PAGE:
2 Role Changing Roils Tech Convergence, long a discredited buzzword, finally lives up to its hype. Apple, HP, and Dell won't look the same.
By Fred Vogelstein

(FORTUNE Magazine) – Since the invention of the PC, techies have taken two things for granted: Processor speeds will grow exponentially, and PCs will become indistinguishable from televisions--that there will be, in industry lingo, convergence. The first prediction obviously has come true (nice crystal-ball gazing, Gordon Moore!), and the second--well, consumers aren't exactly firing off e-mail from their TV sets.

So what are Michael Dell and Carly Fiorina doing hawking flat-screen TVs? And why, while we're at it, is Fiorina waving around an iPod at the Consumer Electronics Show? It turns out that after a generation of hype, convergence has actually become real--and, over the next few years, it's going to be huge, if a little different from what we once imagined. Consumers may not like to watch movies on their PCs, but they love listening to music on them. They may not like to send e-mail from their couch, but they love having a PC--known as a digital video recorder--attached to the TV to automatically record all their favorite shows. And while they won't buy an old-fashioned TV from Dell or HP, when it comes to flat-screen TVs, they have no problem at all.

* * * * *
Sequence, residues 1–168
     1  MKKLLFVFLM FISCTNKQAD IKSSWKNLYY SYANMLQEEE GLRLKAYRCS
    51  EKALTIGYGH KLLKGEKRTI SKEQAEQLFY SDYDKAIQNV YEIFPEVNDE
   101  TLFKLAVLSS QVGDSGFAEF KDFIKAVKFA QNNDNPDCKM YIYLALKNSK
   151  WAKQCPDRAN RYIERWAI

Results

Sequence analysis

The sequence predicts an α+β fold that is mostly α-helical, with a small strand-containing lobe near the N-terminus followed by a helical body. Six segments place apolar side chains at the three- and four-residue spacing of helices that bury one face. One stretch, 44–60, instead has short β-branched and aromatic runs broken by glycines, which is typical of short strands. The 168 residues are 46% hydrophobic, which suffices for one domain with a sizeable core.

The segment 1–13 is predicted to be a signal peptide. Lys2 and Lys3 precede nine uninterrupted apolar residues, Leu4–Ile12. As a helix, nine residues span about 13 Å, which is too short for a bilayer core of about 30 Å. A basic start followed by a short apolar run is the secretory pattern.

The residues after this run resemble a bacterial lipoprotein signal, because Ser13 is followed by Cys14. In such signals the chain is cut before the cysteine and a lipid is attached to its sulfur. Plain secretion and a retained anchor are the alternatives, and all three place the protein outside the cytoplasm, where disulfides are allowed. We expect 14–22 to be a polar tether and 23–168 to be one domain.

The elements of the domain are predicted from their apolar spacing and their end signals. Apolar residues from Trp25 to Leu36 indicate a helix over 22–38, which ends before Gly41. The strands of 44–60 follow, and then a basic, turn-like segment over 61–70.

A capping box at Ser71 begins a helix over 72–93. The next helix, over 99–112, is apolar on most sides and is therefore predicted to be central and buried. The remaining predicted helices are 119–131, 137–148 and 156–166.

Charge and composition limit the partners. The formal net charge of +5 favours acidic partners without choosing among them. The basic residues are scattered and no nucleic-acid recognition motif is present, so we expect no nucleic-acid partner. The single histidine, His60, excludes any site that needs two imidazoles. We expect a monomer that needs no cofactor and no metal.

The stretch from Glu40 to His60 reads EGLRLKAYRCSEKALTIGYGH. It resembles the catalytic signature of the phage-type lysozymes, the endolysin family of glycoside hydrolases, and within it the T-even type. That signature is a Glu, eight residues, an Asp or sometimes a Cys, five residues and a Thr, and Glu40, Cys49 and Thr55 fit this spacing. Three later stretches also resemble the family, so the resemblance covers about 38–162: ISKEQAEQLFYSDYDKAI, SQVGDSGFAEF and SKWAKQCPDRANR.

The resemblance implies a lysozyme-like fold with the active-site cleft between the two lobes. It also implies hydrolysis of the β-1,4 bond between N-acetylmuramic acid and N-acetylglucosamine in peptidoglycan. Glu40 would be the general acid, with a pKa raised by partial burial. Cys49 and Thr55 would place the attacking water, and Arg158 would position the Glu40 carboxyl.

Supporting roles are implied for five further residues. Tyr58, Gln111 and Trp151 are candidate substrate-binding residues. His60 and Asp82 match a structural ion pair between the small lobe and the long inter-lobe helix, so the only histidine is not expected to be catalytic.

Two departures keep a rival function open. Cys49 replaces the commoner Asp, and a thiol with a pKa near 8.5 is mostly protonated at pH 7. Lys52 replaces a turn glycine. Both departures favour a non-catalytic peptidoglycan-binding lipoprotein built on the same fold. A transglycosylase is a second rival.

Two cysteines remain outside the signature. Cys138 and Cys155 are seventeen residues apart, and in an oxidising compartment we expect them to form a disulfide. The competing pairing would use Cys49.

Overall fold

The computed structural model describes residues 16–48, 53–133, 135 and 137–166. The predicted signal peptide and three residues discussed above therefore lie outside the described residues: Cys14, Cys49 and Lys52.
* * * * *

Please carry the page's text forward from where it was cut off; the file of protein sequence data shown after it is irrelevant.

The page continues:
Why is convergence happening now, after all these years? Thank the cheap flat screens and hard drives, easy broadband access, and simplified home-network setup. Today, hard-drive storage--the guts of an iPod or DVR--costs less than $1 a gigabyte, down from $20 a gigabyte in 1999. Flat-screen TVs that cost $10,000 a few years ago now goes for less than $1,000.

For PC makers, it's also good business. Prices and margins for computers keep falling; gross margins in consumer electronics are twice those in the PC world. And now that the music and movies consumers play on those systems are the same zeros and ones that are the foundation of PCs, there is little conversion cost.

The only clear winner in this new world is Apple, which has leveraged its computer platform to make it easy and fashionable for consumers to get with the digital-music age. Apple today sells almost as many iPods per quarter as it does Macs. Microsoft wants in on this business badly, but as HP's decision to shift its loyalty to Apple illustrates, Microsoft doesn't have much leverage just now. The other company to watch over the next few years is Sony. It misplayed the convergence game but is redoubling efforts to make its PC, consumer electronics, gaming, and entertainment divisions play together. Whoever wins the hearts and minds of consumers, one thing's clear: The eye-rolling over convergence can stop right now. --F.V.